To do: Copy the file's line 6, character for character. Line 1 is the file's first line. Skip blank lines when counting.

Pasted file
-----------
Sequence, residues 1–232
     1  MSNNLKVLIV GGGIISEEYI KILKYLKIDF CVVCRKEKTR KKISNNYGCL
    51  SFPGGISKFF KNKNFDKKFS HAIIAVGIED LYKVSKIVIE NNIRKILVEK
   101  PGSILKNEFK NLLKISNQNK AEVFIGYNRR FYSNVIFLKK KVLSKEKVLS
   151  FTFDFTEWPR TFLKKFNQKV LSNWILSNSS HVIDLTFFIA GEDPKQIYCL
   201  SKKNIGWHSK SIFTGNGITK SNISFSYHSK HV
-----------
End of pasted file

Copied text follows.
   201  SKKNIGWHSK SIFTGNGITK SNISFSYHSK HV